That said, despite its performance flaws with water, it kept out drier snow and slush. With a shaft height of 12.5 inches and a faux fur collar, snow stays out. Overall, it performed well in a dry Colorado climate, but users seeking a boot that will perform in wet-climates should consider other options.
If you are seeking a boot that does exceptionally well in wet weather, Pac boots like the Sorel Joan of Arctic and Sorel Caribou are both great options. They are both waterproof with removable liners (unlike the Kamik Momentum). If you want a light boot with comparable weather protection, consider the cute Sorel Tofino II.
If you're more interested in a waterproof hiking boot, be sure to check out the Keen Durand Polar and the Oboz Bridger Insulated, two of the most weatherproof winter boots tested.
Comfort & Fit
This boot's comfort and fit are about average. It doesn't come in half sizes and we recommend sizing up if you're in between sizes. Unlike some boots that don't come with a host of comfort features, the Momentum has one of the coziest inner linings of the bunch. The lining is synthetic and super soft and touchable all the way down to the tip of the toe box.
The supple shaft allows the leg to move freely and is quite flexible. That said, it doesn't provide a whole lot of ankle support, and we wouldn't take it out on a day of hiking. The footbed also isn't the most supportive, but the boot and its liners hug the foot, giving it the illusion of support.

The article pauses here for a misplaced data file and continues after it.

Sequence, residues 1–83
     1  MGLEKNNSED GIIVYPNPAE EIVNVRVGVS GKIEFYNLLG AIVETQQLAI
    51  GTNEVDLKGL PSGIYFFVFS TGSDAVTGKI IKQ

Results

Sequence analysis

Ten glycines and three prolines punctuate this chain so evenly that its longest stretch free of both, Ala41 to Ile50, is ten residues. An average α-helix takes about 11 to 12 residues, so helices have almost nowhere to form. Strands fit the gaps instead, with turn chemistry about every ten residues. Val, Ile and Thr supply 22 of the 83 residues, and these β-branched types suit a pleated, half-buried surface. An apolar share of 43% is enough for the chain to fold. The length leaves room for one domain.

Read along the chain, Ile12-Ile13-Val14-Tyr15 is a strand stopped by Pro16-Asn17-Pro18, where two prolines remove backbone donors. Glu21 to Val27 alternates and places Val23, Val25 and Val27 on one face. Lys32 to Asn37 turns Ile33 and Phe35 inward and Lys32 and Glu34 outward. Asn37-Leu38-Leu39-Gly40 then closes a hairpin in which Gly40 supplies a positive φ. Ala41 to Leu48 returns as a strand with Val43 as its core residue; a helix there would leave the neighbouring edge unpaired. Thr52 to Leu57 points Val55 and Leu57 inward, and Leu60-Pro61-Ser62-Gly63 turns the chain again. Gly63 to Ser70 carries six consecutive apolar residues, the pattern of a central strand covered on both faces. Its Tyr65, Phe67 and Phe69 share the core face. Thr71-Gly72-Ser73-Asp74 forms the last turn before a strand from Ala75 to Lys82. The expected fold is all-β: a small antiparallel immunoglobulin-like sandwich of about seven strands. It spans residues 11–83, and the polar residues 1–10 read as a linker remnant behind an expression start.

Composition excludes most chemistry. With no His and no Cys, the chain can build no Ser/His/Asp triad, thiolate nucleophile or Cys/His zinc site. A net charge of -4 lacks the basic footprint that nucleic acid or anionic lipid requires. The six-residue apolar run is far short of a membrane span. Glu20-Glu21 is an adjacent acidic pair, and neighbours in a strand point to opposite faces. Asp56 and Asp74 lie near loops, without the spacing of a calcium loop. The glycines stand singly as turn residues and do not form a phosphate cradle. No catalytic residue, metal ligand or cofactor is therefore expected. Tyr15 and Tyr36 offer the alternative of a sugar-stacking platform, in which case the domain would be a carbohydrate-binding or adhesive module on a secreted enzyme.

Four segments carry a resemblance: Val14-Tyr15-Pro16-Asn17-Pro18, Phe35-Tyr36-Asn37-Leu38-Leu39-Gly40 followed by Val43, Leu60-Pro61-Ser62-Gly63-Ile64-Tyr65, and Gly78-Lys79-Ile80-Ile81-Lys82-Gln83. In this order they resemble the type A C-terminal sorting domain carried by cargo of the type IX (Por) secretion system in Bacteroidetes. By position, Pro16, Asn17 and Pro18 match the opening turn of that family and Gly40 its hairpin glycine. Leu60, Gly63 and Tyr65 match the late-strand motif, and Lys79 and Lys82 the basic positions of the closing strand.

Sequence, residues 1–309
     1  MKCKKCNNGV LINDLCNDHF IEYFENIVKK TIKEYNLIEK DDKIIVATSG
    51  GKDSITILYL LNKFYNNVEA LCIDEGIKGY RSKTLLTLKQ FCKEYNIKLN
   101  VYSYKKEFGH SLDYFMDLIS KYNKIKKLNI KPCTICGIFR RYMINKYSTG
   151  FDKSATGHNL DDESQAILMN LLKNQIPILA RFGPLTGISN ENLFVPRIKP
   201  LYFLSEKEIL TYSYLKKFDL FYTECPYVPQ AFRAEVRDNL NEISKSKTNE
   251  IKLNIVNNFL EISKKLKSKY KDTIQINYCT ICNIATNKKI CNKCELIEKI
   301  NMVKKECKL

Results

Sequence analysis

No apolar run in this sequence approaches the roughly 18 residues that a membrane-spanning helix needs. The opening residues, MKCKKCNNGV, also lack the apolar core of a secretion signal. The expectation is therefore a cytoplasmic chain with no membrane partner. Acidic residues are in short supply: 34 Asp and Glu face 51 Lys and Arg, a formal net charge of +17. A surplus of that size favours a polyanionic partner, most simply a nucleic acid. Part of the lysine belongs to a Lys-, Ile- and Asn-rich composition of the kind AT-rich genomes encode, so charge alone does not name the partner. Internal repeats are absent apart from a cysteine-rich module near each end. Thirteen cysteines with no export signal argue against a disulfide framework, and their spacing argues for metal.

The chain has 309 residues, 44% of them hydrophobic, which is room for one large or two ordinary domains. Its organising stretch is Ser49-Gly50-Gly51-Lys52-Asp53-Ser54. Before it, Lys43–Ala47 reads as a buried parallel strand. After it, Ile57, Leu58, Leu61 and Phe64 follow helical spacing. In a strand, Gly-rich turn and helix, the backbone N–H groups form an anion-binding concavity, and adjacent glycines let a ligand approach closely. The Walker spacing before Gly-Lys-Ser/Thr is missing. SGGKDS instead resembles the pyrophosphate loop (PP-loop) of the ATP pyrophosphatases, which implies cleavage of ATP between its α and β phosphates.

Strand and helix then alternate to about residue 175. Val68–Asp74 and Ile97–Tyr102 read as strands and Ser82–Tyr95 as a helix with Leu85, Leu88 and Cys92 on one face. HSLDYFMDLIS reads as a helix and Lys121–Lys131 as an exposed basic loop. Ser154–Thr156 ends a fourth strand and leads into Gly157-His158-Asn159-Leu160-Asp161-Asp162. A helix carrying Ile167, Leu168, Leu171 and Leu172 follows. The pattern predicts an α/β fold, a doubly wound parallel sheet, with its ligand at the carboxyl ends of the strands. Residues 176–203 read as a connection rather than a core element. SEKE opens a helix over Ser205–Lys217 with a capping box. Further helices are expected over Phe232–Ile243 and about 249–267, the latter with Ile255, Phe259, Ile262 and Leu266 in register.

If you're searching for a super comfortable boot be sure to check out the North Face Shellista II, a shorter boot with a cozy knit collar. Like the Kamik, it is lightweight and not super bulky. That said, it's also not as warm, though it will keep you drier.
The boot is true to fit with a bit of a bulkier feel, despite its lower weight. The heel is not super fitted, nor is there a whole lot of arch support. If you need that check out the North Face Shellista II. There is a lot of volume in the forefoot that allows toes to splay and wiggle freely and accommodates thicker socks well. Our general thoughts on fit? It's not precise and is quite sloppy but works for running errands around town or shoveling the driveway.
For this reason, this boot may not be the best option for those who need to wear their winter boots day in and day out, both in and outside. For consistent use, we recommend something a little more breathable like the Best Buy boot, the Columbia Ice Maiden.
Ease of Use